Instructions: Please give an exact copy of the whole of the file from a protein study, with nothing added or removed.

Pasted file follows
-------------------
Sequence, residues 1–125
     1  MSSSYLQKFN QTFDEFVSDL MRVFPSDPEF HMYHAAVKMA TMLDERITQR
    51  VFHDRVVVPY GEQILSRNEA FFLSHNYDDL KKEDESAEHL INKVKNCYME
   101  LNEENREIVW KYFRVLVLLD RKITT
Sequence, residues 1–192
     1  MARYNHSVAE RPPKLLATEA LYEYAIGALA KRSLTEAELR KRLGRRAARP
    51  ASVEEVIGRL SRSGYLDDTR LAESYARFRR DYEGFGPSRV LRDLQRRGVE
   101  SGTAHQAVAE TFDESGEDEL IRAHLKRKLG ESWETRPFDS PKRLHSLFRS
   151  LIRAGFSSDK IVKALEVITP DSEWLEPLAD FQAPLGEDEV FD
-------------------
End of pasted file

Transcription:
Sequence, residues 1–125
     1  MSSSYLQKFN QTFDEFVSDL MRVFPSDPEF HMYHAAVKMA TMLDERITQR
    51  VFHDRVVVPY GEQILSRNEA FFLSHNYDDL KKEDESAEHL INKVKNCYME
   101  LNEENREIVW KYFRVLVLLD RKITT
Sequence, residues 1–192
     1  MARYNHSVAE RPPKLLATEA LYEYAIGALA KRSLTEAELR KRLGRRAARP
    51  ASVEEVIGRL SRSGYLDDTR LAESYARFRR DYEGFGPSRV LRDLQRRGVE
   101  SGTAHQAVAE TFDESGEDEL IRAHLKRKLG ESWETRPFDS PKRLHSLFRS
   151  LIRAGFSSDK IVKALEVITP DSEWLEPLAD FQAPLGEDEV FD